Detecting ecosystem level disturbances
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AbstractEcosystem ecologists often face the challenge of detecting perturbations and predicting their consequences. My dissertation research explores the importance of variance to the detection of perturbations in lake and stream ecosystems in three different contexts. First, I test the sensitivity of two commonly used assessment designs (the Before-AfterControl-Impact-Paired Series (BACIPS) and the Beyond BACI) to detect a perturbation in a set of stream ecosystems given the empirical variance structure of the invertebrate metrics. Environmental assessments commonly use benthic invertebrates to assess water quality. Both assessment designs are poor at detecting changes with the post-impact disturbance effect size I calculated. However, in my simulation results, the BACIPS design outperformed the Beyond BACI. This is likely due to high temporal variance in the invertebrates. To consistently detect a disturbance, the designs require very low variance in the metrics, or a large effect size. Secondly, I examine the nutrient limitation of the headwaters of the McLeod River and the implications of that limitation for the future of the streams given potential development plans for the watershed. The headwaters are affected by past mining disturbances and there is ongoing interest in developing an open-pit coal mine in the area. My experiments show evidence of nitrogen limitation, which is important since coal mining activity adds nitrogen to watersheds. Thirdly, I assess the level of data resolution required to answer qualitative and quantitative questions about primary production in a set of lakes. Using an informationtheoretic approach, I test the ability of 40 models containing variable levels of spatial and temporal complexity to 1) fit the relationship between light and primary productivity in a set of 14 British Columbia (Canada) lakes that were part of a large-scale fertilization experiment, and 2) predict annual primary production. The top-ranked model partitioned the data by lake, year, fertilization status, season and sampling station. When I predicted primary production estimates for my top three models and three commonly used models from the limnological literature, I found that model selection is important for quantitative production predictions, but not necessarily for qualitative assessment of nutrient limitation.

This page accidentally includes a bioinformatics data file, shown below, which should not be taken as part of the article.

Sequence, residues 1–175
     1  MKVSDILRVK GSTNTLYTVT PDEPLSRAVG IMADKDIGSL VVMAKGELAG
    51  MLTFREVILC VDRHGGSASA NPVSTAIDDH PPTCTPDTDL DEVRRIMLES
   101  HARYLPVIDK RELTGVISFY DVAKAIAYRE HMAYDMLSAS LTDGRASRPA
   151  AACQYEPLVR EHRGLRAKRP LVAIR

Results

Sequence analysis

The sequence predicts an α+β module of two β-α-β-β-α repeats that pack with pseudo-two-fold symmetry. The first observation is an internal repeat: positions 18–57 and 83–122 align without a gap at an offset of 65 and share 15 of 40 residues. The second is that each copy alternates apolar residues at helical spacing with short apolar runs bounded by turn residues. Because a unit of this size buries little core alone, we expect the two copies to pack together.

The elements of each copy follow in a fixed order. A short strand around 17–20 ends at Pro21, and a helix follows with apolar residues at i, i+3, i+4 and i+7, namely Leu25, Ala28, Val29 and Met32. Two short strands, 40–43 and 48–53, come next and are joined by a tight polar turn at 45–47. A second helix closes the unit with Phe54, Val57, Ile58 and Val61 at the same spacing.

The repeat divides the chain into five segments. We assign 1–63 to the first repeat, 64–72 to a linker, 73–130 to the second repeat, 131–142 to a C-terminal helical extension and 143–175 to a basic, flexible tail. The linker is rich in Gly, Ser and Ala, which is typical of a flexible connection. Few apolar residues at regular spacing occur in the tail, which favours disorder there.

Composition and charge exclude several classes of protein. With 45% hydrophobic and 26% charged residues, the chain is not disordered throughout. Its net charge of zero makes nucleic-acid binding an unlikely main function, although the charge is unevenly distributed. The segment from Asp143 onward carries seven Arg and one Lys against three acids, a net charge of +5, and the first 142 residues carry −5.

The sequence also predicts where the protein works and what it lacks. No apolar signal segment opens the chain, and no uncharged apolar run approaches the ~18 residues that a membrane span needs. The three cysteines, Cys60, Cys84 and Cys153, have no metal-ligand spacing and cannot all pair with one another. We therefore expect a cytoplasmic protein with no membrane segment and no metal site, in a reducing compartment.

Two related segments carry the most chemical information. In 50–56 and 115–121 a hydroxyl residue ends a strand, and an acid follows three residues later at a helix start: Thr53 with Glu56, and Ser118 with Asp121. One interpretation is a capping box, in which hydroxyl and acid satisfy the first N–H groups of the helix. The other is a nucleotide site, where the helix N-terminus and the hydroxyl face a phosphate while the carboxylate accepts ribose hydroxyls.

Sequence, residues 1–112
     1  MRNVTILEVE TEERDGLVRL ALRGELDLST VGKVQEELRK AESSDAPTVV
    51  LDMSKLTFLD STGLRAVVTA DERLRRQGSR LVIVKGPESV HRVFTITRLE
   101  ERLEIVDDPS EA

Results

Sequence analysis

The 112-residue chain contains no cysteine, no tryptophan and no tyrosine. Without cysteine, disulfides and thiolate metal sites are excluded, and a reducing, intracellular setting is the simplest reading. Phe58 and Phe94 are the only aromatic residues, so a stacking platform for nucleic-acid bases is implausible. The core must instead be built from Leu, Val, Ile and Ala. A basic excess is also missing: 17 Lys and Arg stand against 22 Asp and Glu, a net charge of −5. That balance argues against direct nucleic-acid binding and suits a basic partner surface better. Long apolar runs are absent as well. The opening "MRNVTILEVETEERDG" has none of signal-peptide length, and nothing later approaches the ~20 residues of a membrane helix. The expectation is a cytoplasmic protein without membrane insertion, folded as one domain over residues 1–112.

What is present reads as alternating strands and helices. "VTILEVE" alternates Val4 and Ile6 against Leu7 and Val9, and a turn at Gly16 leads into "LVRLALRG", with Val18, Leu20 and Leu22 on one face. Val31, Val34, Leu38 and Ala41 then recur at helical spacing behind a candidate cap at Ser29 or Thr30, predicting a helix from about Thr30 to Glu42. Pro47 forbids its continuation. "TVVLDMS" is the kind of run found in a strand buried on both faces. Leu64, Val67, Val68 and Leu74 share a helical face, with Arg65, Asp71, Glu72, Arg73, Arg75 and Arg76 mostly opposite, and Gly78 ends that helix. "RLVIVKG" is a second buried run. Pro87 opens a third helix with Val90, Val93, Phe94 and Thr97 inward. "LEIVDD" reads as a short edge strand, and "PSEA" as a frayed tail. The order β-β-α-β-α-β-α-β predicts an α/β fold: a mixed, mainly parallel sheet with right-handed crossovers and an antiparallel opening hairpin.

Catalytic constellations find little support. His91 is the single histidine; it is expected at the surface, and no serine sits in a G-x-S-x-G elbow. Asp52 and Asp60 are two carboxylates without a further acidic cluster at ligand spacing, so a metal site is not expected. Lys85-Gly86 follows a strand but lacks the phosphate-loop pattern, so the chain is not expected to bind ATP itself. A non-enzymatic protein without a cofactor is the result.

Bibliography: p. 158-188